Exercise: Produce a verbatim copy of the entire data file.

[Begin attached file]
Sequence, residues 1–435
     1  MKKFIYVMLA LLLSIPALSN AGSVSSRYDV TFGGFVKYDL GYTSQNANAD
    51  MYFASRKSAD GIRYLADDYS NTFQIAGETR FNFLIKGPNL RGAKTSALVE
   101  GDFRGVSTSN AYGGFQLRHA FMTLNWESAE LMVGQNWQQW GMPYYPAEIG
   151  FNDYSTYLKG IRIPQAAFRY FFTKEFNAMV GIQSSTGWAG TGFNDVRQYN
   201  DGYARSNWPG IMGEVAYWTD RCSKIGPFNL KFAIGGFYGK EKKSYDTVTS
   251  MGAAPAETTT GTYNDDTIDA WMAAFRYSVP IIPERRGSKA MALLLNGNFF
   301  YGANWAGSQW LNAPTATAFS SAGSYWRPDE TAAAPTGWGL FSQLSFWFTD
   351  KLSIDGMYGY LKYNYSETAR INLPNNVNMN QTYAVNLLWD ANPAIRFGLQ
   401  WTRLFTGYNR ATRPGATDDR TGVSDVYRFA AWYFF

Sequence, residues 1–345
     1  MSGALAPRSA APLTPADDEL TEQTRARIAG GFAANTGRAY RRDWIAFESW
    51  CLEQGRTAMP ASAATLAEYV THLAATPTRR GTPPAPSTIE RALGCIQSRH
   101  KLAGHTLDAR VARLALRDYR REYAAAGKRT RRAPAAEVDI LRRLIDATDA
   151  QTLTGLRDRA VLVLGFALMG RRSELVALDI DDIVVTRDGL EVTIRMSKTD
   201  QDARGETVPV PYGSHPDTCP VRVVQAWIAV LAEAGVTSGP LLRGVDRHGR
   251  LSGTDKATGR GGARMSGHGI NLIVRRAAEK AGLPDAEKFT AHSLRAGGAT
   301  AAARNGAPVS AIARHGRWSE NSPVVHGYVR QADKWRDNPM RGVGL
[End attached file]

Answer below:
Sequence, residues 1–435
     1  MKKFIYVMLA LLLSIPALSN AGSVSSRYDV TFGGFVKYDL GYTSQNANAD
    51  MYFASRKSAD GIRYLADDYS NTFQIAGETR FNFLIKGPNL RGAKTSALVE
   101  GDFRGVSTSN AYGGFQLRHA FMTLNWESAE LMVGQNWQQW GMPYYPAEIG
   151  FNDYSTYLKG IRIPQAAFRY FFTKEFNAMV GIQSSTGWAG TGFNDVRQYN
   201  DGYARSNWPG IMGEVAYWTD RCSKIGPFNL KFAIGGFYGK EKKSYDTVTS
   251  MGAAPAETTT GTYNDDTIDA WMAAFRYSVP IIPERRGSKA MALLLNGNFF
   301  YGANWAGSQW LNAPTATAFS SAGSYWRPDE TAAAPTGWGL FSQLSFWFTD
   351  KLSIDGMYGY LKYNYSETAR INLPNNVNMN QTYAVNLLWD ANPAIRFGLQ
   401  WTRLFTGYNR ATRPGATDDR TGVSDVYRFA AWYFF

Sequence, residues 1–345
     1  MSGALAPRSA APLTPADDEL TEQTRARIAG GFAANTGRAY RRDWIAFESW
    51  CLEQGRTAMP ASAATLAEYV THLAATPTRR GTPPAPSTIE RALGCIQSRH
   101  KLAGHTLDAR VARLALRDYR REYAAAGKRT RRAPAAEVDI LRRLIDATDA
   151  QTLTGLRDRA VLVLGFALMG RRSELVALDI DDIVVTRDGL EVTIRMSKTD
   201  QDARGETVPV PYGSHPDTCP VRVVQAWIAV LAEAGVTSGP LLRGVDRHGR
   251  LSGTDKATGR GGARMSGHGI NLIVRRAAEK AGLPDAEKFT AHSLRAGGAT
   301  AAARNGAPVS AIARHGRWSE NSPVVHGYVR QADKWRDNPM RGVGL